The magazine release of the EVO SP is reversible. It is teardrop-shaped and does not protrude from the frame any farther than the grip panels, so it cannot be depressed accidentally.
The trigger bow is steel and smooth. You’ll see a pivoting safety lever in the center of the trigger, and inside the slide there is a striker drop safety. There is also a tiny notch cut into the top of the barrel hood to serve as a loaded chamber indicator. Also a “cocked striker indicator,” otherwise known as the rear of the striker, protrudes slightly from the rear of the slide when it is cocked.
The grips and backstrap of all EVO SP models are G10 laminate. On the CS model they are black and gray, with Stiplex texturing on the lower two-thirds of the grip panel and all but the top curve of the backstrap.
Interestingly, you’ll note there are no grip panel screws visible on the EVO SP. The only screw you’ll find is a hex screw inset at the bottom of the frame between the magazine well and the backstrap. This is the backstrap setscrew.
With the EVO SP, the backstrap locks the grip panels to the frame, and the backstrap is held in place by the hex-head setscrew found on the bottom of the frame between the backstrap and the helpfully beveled magazine well.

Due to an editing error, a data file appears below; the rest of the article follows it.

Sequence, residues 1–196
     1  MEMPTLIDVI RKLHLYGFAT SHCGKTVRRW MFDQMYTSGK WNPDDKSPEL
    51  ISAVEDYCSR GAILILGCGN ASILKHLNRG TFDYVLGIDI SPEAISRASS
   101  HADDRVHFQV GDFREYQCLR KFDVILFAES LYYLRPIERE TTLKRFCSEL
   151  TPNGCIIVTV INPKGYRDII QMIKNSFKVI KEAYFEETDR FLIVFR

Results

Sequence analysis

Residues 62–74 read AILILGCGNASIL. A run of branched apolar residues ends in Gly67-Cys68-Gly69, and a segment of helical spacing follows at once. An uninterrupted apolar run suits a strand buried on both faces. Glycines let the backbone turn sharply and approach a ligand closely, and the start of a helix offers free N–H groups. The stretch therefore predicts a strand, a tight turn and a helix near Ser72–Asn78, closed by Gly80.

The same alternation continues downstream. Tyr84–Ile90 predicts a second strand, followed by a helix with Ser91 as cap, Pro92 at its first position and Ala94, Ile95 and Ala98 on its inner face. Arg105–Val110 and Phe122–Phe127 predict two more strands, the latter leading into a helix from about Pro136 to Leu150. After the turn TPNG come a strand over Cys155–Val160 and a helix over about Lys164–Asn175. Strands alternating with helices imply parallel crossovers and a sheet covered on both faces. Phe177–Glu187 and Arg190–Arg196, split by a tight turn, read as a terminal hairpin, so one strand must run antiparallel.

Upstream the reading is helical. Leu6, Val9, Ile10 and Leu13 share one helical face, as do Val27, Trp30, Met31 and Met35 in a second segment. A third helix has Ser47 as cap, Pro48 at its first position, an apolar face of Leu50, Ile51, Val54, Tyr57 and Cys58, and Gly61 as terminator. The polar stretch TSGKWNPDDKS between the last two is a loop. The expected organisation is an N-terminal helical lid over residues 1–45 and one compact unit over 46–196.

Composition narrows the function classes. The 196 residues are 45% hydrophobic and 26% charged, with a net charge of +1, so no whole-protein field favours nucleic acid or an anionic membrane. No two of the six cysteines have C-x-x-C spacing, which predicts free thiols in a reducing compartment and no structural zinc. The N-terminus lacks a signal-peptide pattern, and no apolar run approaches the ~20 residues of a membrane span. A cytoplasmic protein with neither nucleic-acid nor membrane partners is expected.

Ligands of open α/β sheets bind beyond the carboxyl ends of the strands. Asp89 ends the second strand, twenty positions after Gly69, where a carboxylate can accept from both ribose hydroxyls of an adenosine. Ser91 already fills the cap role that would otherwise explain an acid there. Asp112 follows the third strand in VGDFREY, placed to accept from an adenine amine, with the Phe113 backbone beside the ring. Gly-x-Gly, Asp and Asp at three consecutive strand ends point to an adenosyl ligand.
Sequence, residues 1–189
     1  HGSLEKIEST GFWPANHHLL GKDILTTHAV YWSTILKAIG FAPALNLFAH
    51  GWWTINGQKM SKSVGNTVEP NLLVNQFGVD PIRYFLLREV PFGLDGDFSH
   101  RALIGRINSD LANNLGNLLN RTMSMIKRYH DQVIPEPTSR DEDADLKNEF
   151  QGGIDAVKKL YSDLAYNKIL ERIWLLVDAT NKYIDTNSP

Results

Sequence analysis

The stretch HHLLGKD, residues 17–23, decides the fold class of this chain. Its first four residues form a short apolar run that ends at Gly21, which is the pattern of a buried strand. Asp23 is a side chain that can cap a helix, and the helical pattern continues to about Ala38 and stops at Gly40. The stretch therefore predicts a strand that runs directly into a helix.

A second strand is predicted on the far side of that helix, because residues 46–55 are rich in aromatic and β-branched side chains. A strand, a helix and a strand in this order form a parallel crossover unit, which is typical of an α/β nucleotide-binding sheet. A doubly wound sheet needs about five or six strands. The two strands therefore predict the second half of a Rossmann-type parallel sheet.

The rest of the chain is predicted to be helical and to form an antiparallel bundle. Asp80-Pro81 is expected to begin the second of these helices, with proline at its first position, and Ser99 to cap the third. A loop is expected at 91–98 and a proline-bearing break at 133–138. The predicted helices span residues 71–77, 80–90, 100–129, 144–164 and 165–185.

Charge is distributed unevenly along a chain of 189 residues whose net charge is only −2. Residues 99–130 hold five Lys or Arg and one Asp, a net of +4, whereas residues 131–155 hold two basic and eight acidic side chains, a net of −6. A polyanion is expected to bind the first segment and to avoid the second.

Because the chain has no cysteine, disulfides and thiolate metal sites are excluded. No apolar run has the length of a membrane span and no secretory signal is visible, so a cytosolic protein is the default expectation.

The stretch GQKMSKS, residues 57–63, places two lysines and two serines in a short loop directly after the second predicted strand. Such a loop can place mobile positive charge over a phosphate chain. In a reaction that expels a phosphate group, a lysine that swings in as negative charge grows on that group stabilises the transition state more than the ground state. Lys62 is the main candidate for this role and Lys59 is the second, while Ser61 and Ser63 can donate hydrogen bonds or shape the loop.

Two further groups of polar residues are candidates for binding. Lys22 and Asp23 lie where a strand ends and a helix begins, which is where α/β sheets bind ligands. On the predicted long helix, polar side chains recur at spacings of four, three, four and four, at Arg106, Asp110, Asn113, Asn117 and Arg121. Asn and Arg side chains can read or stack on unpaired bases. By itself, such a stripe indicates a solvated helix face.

Unscrew the setscrew about a quarter-inch, slide the backstrap down about a half-inch, and then pull the backstrap off the rear of the pistol by the bottom. At this point the grip panels can be removed from the frame by pulling them out from the frame at the rear.
You don’t need to remove the grips or backstrap to clean the pistol, so why take them off? Well, the base Two-Tone model EVO SP will be sold with three grip and backstrap sizes of varying widths. The TLE, CDP and CS versions of the EVO SP come with just one specifically chosen set of grips and backstrap, but Kimber does plan to sell various sizes and colors of EVO grips for you to customize your gun. With the EVO SP CS you get medium grips with a large backstrap.
Factory specs call for a trigger pull between six and seven pounds. Before I even showed up to claim the pistol at my FFL, I had the folks there telling me how awesome the trigger pull on this pistol was. They weren’t lying. There was little takeup on the trigger, and a near-1911-level crisp break at 5.8 pounds. I think the feel of this striker-fired gun is so crisp because all the trigger parts are metal and don’t have the give you find with polymer pieces.